Category Archives: tech

Can You Handle the Truth? Advice for Founders

Always tell the truth, its the easiest thing to remember. — Glengarry Glen Ross

I have started my second semester at the Founder Institute, Adeo Ressi‘s awesome incubator.  It has been a blast so far, in my view, a lot of really strong founders wiht great, viable business ideas. It has been a lot of fun to be involved, and it is as always humbling to have smart, passionate people asking for my input.

As it is still early in this group’s process, some of the ideas are a little earlier on, still in “ideation” (terrible word) mode.  This is of course a natural state of being in a startups life, that early stage when you’re still not even sure you’ve got a good idea.  Its an exhilirating time–you’ve not made any mistakes (yet) and the world seems ripe to take on your vision, while at the same time, you definitely have those soul-shaking moments of doubt as to whether you’ll ever be able to turn your idea into reality.

Int this stew, founders will come to me to ask my advice on their idea, and I’m happy to try to take the time to listen and provide a few minutes of helpful input.

A question I have had and answered for myself is how hard core or harsh to be on someone’s idea when it is still on the drawing board.  Although it certainly has its risks and drawbacks, I’ve decided that this is a time to be very blunt and hardcore.  The risk is that this approach dissuades someone or that it gives them an impression that I’m a jerk.   This is the last thing any founder wants to become–the startup world is too small afor people t get such an impression.

The counter argument is that by being hard core you toughen up a founder, you help him or her focus on the key challenges in their business, and  at an extreme, you convince the founder that the idea is not worth investing time and life in.  At the ideation phase, the costs of switching an idea are low.  I have become comfortable with this being on balance the preferred approach–the pain is worth the value.  I also try to remind the founder whenever I do this that my opinion is just one, and I’m certainly perfectly happy to have the founder prove me wrong and make a boatload of money doing just that.  In other words, its not personal, and I’m hopeful that it does help.

I have come to believe passionately that this is the only appropriate response for founders asking for advice.  My input is not costing anything, and if I’m off by a mile, there’s no reason that a founder should listen to me.  You asked and I answered.  No harm, no foul.  Totally makes sense, right?

Right.  As founders we should all be pushing each other in as hard core a way to make our businesses kick ass and take names.  Give the advice, hit hard.

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Startup Revenue: Moats & Models

I’m giving a speech tomorrow at the Founder Showcase in Santa Clara.  The topic is around building revenue for startups.  The slides are here:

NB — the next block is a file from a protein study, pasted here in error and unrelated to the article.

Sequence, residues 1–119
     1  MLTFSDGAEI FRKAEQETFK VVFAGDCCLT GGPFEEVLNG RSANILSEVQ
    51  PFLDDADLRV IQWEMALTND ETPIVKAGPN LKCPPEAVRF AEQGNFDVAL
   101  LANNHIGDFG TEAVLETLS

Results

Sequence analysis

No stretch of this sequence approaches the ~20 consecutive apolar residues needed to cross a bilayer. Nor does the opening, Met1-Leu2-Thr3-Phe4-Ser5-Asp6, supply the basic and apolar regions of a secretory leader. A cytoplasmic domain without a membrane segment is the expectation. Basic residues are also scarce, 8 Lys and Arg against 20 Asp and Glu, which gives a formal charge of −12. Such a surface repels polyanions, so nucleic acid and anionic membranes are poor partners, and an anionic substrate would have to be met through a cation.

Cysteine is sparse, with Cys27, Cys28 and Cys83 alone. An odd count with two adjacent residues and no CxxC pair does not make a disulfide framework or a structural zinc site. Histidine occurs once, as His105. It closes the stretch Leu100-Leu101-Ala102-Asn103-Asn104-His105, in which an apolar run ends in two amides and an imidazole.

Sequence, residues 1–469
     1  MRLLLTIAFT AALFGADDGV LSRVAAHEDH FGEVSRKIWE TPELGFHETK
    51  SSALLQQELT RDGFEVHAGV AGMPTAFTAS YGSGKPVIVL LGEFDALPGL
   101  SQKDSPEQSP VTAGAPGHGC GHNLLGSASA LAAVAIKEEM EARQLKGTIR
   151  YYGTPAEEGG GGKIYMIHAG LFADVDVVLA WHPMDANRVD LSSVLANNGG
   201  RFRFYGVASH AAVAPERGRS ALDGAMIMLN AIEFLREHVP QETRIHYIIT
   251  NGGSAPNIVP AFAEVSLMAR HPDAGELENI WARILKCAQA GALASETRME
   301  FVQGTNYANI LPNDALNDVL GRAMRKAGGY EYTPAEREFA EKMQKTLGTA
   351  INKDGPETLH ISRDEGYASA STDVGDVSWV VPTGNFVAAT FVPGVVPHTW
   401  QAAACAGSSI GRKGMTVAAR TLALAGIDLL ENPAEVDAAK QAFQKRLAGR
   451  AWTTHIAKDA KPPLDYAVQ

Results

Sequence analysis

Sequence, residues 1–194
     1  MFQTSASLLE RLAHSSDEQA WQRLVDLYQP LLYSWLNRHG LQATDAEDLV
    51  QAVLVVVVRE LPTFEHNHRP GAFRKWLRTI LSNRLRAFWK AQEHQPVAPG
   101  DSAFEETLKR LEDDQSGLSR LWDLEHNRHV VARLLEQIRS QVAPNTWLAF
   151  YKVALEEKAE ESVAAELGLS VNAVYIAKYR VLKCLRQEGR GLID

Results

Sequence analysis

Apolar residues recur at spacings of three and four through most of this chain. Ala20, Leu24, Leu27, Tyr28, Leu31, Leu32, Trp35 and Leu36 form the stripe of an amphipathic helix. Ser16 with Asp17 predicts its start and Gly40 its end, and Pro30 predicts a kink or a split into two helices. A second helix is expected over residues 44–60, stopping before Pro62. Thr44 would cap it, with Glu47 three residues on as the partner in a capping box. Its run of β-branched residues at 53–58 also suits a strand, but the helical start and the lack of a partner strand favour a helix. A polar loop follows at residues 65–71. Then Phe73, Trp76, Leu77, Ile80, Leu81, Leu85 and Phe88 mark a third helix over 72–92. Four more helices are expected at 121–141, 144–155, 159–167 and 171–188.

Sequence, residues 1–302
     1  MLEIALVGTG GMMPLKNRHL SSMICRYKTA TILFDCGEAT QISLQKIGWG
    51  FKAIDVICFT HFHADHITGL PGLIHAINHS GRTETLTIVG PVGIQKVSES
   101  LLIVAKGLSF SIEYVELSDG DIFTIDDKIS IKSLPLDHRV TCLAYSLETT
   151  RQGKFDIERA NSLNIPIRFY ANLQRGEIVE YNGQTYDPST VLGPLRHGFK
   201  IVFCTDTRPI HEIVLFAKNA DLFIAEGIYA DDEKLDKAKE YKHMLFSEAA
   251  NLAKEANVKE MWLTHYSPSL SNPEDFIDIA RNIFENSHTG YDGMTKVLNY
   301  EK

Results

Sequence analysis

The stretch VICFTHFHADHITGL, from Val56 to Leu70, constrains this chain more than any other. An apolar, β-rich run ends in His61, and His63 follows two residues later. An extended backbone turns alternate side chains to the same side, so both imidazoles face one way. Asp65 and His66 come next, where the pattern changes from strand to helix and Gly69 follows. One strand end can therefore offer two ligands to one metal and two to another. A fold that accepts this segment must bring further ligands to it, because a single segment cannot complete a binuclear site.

These build on a prior talk I gave in 2009 on this topic, and I’m looking forward to it.

To give my cliff notes here of the speech, it’s basically:

Revenue is the lifeblood, getting to revenue is nice, very nice. 

Some advise not to think about revenue too early on in the life of a startup.  The thinking goes: focus entirely on building something great, get an audience, then the revenue pieces will start to work themselves out.  I disagree with this philosophy in part. 

I totally agree with the idea that 100% of your focus needs to be on building something people want and driving to iterate, iterate, iterate.  At the same time, I advocate thinking about revenue–at least a little bit–early in the lifecycle of starting a company. Don’t get derailed, but at the same time, don’t avoid the topic entirely.  My rationale is simple—you never know what small thing will someday be the determiner of success or failure, so thinking about something important like revenue is a good thing to at least wrap your head around. 

The talk then goes into two parts.  Part 1 is about building out a business to think about how you’ll establish moats and drive traction.  This is about defensibility in part; its also, however about driving distribution (at least in internet businesses).  I argue that any founder should likely try to draw out the model that I’m advocating here—may not be relevant to you, but I’d think you’d at least want to try. 

Then Part II is about models.  I’ll talk about my thoughts on types of revenue models, a sort of revenue model 101.  Nothing too revolutionary here, but hopefully a useful primer if you’ve not thought through a business model before.  I then finish off with a brief description of how to think about your market as a whole.  An industry or market model, i.e., the macro picture of the environment in which you operate is something that entrepreneurs will very likely need to be able to grasp and exercise their minds about. I’ll provide some quick thoughts on how I view that as working well and not well. 

Hope to see you there!


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Apple’s Dr. Jeckyl & Mr. Hyde Routine with Developers Continues

TechCrunch just announced that this is the year for Flash to come to the IPhone.  (Oh, wait, it’s already kind of been there with YouTube, the world’s largest flash app, for the past 2 years, but whatever.)

TC’s Erick Schonfeld rightly points out that this is a big, big deal for users as well as for Flash Developers, as they can build once (in Flash) and have the app automatically turn into an IPhone application: